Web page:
Three things I’d recommend to a friend:
Stay at the Galapagos Habitat by Eco Luxury Group in Puerto Ayora
The hotel is literally, as well as figuratively, green. Surrounded by mangroves and home to brown pelicans, sea lions, marine iguanas, and much more, it even has a special deck set aside for the wildlife to use. And believe me they do!
The Galapagos Habitat is quite ecology-minded which means there’s no single-use plastic products, they encourage reduced consumption of air conditioning and electricity, and no toilet paper gets flushed. There’s fresh, filtered water for your reusable bottles in the lobby, a box for sandy shoes outside each room, and free treats in your refrigerator-an interesting medley of the popular Tango Clasico cookies, Doritos, coke, and Pilsner beer. Conveniently located within walking distance of the shops and restaurants, free bikes are provided for guests who want to venture even further to use. Judie and I found the staff eager to welcome us and full of helpful ideas and anecdotes. The hotel was extremely Covid-conscious and the staff were masked at all times, things were always being thoroughly cleaned, and indoor and outdoor tables were safely distanced. Rather than making us feel awkward or uncomfortable, this made us feel like we could finally really relax.
Ask for the Cristobel Room! With an unobstructed view of the ocean and wildlife from a small porch it was the perfect place to have my (delicious) morning coffee and write in my journal, allowing me to start each day off right. Breakfast was included with our rooms so I ordered something different each day. I tried fresh mango and passion fruit juice for the first time and liked them both.
Two awesome outings
Everything we did was new and exciting, but these are activities that really resonated with me in Santa Cruz.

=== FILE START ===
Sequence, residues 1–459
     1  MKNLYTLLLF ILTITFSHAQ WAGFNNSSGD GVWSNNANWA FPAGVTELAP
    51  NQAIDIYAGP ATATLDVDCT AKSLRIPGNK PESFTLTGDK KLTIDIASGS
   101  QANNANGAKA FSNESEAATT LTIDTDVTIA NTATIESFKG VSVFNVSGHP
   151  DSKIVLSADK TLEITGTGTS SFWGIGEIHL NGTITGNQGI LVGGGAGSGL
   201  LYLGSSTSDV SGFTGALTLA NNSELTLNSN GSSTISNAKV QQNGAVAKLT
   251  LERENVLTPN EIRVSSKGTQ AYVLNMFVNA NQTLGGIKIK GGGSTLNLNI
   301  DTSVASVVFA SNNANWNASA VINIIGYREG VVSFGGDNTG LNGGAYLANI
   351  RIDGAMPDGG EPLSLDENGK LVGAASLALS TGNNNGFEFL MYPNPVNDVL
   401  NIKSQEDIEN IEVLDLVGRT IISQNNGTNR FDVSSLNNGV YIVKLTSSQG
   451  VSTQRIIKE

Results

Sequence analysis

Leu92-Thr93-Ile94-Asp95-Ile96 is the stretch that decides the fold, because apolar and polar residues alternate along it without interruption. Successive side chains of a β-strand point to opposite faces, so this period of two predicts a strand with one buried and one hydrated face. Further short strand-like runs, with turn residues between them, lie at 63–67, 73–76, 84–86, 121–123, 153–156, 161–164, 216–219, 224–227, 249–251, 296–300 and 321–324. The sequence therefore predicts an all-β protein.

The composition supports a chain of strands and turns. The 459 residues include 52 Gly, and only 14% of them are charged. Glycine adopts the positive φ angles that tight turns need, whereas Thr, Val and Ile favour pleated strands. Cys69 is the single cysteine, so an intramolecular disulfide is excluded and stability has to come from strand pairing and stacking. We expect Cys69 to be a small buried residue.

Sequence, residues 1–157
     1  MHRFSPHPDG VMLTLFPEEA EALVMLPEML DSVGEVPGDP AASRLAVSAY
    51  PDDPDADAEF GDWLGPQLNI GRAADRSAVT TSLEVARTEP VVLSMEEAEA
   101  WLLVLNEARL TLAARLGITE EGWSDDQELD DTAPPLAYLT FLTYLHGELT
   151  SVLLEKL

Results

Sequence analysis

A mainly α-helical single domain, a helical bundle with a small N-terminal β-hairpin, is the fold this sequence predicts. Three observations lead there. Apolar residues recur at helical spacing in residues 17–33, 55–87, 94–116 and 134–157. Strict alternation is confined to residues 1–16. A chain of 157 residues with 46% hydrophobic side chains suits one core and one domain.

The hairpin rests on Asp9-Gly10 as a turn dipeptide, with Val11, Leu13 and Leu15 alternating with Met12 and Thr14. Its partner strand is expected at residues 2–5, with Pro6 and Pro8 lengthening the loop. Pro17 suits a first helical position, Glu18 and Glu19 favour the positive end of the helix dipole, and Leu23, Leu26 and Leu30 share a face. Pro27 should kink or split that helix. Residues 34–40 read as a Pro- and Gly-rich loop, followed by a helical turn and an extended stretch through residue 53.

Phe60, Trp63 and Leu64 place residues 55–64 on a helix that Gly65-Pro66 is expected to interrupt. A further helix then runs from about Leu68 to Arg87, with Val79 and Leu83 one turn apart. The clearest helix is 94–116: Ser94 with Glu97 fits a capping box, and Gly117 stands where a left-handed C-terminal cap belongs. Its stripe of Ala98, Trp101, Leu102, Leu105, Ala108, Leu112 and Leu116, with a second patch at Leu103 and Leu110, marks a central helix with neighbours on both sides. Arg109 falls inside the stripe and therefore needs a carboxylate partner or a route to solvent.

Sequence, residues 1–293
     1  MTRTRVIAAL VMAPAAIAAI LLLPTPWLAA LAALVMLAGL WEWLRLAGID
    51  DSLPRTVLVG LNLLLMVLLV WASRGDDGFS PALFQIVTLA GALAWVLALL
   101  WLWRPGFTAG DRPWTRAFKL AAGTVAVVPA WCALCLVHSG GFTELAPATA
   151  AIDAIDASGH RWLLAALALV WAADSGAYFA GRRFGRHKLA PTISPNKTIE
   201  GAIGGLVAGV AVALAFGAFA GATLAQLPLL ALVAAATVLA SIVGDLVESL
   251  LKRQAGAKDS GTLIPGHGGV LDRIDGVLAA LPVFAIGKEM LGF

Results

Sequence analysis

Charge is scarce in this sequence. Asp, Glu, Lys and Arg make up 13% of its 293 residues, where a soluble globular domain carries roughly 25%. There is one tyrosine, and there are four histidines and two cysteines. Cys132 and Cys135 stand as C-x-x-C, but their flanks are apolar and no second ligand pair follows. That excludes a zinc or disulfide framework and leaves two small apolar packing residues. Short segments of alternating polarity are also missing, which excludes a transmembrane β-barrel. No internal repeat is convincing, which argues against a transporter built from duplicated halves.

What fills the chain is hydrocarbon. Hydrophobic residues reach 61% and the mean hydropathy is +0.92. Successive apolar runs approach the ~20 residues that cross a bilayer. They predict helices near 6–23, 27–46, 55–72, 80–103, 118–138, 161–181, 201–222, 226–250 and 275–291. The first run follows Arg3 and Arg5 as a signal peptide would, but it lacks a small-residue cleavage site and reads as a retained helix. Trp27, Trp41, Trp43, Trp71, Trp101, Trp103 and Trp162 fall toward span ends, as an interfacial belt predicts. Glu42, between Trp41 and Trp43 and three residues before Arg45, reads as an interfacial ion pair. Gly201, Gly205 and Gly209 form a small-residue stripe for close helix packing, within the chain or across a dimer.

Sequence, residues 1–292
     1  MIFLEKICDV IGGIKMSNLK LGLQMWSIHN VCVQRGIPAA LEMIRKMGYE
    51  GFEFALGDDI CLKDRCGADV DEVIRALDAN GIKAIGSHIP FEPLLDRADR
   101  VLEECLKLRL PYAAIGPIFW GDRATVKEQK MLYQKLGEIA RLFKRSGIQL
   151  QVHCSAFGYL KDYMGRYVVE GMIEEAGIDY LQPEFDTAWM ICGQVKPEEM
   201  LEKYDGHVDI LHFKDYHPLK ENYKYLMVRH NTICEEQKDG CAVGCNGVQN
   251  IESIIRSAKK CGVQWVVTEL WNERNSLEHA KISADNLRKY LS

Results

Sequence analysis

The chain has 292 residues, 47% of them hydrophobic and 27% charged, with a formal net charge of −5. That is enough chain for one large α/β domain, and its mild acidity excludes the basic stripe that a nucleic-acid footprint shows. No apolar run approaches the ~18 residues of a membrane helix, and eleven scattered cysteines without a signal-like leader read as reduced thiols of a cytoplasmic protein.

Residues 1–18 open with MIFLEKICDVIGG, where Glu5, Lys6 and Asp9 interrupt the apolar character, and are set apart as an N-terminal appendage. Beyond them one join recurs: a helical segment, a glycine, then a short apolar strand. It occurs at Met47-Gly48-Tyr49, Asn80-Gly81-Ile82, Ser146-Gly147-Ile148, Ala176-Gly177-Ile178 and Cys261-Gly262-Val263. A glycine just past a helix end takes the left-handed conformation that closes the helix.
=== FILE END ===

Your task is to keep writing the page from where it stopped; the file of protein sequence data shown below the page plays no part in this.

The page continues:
One morning, after our daily assurance of yet another beautiful day, the three of us hopped on a water taxi and headed across the bay to a dock at the Angermeyer Waterfront Inn. According to Sebastian, the Angermeyer family, has a long history in Puerto Ayora. Intrigued by the tales of Charles Darwin and other seafaring folk, Gus Angermeyer and his two brothers left Nazi Germany for Santa Cruz in the 1930’s. Building their homes from lava rocks and wood, the only materials available on the desolate islands, they found life in the Galapagos to be exactly what they needed. The family lived harmoniously with nature, eventually sharing the beauty and peace of the area with hotel guests. You can see one of the old lava rock homes from the front patio of Angermeyer Point, the restaurant we had a delicious lunch at later in the day.
But first we had a hike to take! Here I’d like to quickly interject that the three smartest things I packed for this trip were my large stainless steel Yetti water bottle, my Thule backpack, and my Merrell hiking sneakers. I appreciated them more than ever once we left the sandy beach, wandered through some mangroves and assorted fauna and flora, passed salt lagoons, and began our somewhat treacherous ascent over sharp, uneven black rocks toward Las Grietas, the volcanic cliffs. Sebastian assured us that the view at the top, followed by a swim, would be totally worth it. As usual, he was right!
Loosely translated, Las Grietas means “the cliffs of the crevices”. It’s best described as a Wizard of Oz emerald green stretch of water fed underground by a river at one end and ocean water at the other and framed by volcanic crevices formed during the cooling of molten lava. The mixture of fresh and saltwater makes for a nice temperature (no wetsuit needed!) and a refreshing swim. Luckily, the swimming area is regulated by park rangers who have you sign up for slots so it didn’t feel like we were all on top of each other. Like a magician, Sebastian pulled masks and snorkels out of his pack so we could explore underwater. Being surrounded by the colorful fish was incredibly relaxing and we even got to float around with a group of giant sardines. I never knew these briny little fish came in more than one size!
My other favorite activity required much less effort to get to. About a five-minute walk from the Galapagos Habitat is the Charles Darwin Research Center, the Galapagos National Park’s headquarters, and a Tortoise Breeding Center. I can’t imagine visiting the Archipelago without trying to learn more about Darwin’s journey than that he studied finches.
Entering the park, you follow interpretive signs that explain the geology, history, climate, and threats and conservation efforts in the Galapagos Islands. The information is presented in a way that makes it less like book learning and more like a conversation with an interesting person. Additionally, many of the panels had pithy, inspirational quotes on them, like this one.
Fun Fact: Charles Darwin and Abraham Lincoln were “birthday twins”, born on the exact same day in the same month in the same year.